Once the exclusive domain of science-minded cocktail bars, powdered citric and malic acids have become a common fixture anywhere with an eye on sustainability. But while these acids are often used in place of the more traditional lemon or lime juice, they can also be used to in tandem with citrus juices to amplify flavors, or create new ones all together.
At its most basic, an acid powder solution is “a workaround if you wanted to make your life easier,” says Don Lee of Existing Conditions. Combined with water, citric acid can be used in place of lemon juice; alternatively, combining two parts citric acid and one part malic acid creates what co-owner Dave Arnold calls “lime acid,” a common substitute for fresh lime.
Despite the relative ease of the technique, there’s a catch: While an acid solution can accurately approximate the tang of citrus, some bartenders feel that without any actual juice the result can feel too thin.
“It has a lighter mouthfeel than lemon or lime juice,” says Orlando Franklin McCray, bartender at Blind Barber and Brooklyn’s Maison Premiere. “I added Curaçao to add viscosity,” he says of his house blend. He had originally observed the technique at the Boom Boom Room, a clubby high-volume spot in New York’s Meatpacking district, where it rounded out crystal-clear Gimlets. At Blind Barber, McCray uses the acid-Curaçao mix in pre-batched drinks, including riffs on the Rum and Coke and Gin and Tonic, adding a mouthwatering acidity that mimics lime, without the added prep-time. He also stashes a bottle at home to mix into Daiquiris, where he subs it in place of lime juice for on-the-fly ease.
Beyond turbocharging lemon or lime, these acids also an be used to manipulate other juices, such as orange, grapefruit or pineapple, a tweak known as “acid adjusting.”
“It’s a way to work with different flavors,” says Arnold. At Existing Conditions, the technique is used in The Remedy, a Painkiller riff in which acid-adjusted orange juice rounds out Plantation Pineapple Rum, agricole rhum and caramelized coconut. Similarly, Garret Richard uses acid-adjusted grapefruit juice in his Daiquiri-inspired Isle Delfino to replicate the more citrus-forward profile of grapefruits in the past.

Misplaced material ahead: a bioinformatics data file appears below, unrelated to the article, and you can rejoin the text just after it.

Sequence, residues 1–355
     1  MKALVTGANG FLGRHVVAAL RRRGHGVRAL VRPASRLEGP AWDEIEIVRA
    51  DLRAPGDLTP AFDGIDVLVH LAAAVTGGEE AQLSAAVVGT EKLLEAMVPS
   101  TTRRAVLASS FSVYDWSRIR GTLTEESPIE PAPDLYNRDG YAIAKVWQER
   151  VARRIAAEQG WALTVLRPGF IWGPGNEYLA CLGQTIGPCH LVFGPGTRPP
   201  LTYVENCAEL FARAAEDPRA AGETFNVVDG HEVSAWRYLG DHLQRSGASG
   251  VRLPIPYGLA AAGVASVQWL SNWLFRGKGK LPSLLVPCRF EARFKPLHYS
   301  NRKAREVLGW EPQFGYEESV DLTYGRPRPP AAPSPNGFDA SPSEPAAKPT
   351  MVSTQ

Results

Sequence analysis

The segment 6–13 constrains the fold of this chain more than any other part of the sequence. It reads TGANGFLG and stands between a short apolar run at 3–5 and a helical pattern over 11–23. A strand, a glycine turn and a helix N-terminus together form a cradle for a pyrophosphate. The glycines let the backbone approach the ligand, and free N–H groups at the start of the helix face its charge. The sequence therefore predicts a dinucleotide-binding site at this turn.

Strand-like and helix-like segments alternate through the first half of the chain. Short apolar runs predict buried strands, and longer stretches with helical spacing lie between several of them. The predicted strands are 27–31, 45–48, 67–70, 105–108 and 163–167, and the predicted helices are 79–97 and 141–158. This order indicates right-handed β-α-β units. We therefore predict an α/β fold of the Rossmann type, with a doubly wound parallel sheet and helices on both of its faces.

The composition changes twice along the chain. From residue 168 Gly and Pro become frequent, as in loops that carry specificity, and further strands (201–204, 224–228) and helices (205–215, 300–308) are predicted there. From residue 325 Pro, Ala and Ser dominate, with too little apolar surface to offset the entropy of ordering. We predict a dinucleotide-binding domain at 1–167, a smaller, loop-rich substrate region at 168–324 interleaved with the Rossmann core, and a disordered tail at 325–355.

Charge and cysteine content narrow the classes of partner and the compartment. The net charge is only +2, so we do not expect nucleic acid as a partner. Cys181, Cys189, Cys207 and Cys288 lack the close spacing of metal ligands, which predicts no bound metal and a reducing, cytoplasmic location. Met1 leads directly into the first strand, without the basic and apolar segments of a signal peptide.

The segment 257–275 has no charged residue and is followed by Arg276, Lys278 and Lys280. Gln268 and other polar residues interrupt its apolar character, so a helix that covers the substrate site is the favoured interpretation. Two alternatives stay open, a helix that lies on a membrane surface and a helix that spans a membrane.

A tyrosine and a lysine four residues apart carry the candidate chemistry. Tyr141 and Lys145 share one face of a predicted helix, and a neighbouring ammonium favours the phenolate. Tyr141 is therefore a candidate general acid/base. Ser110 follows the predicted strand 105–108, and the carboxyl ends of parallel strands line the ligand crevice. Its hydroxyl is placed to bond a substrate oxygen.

These acid-adjusted juices can go places regular juice cannot. While orange juice, for example, is notoriously difficult to use in cocktails (it’s noted for ruining the Blood and Sand, for example), acid-adjusting transforms it into a brighter, more cocktail-friendly ingredient. For at-home use, Lee recommends mixing citric acid with orange juice to create “lemon-adjusted orange juice,” which works well in Sidecars and Whiskey Sours, replacing lemon juice. Arnold also suggests mixing citric and malic acid to create “lime-adjusted orange juice,” which can be frozen into cubes and shaken with a Margarita, to help chill and dilute the drink while also adding an orange-y note plus an extra burst of lime-like zing.
The key to working with these acids, Arnold says, is to treat them like salt or sugar or even MSG in cooking—it’s a way to punch up flavor.
“If you’re trying to fool me into thinking there’s citrus in a drink, you’re cheating me,” he says. “If you’re trying to change the impact of citrus from orange juice to lemon, I see that as a different project.”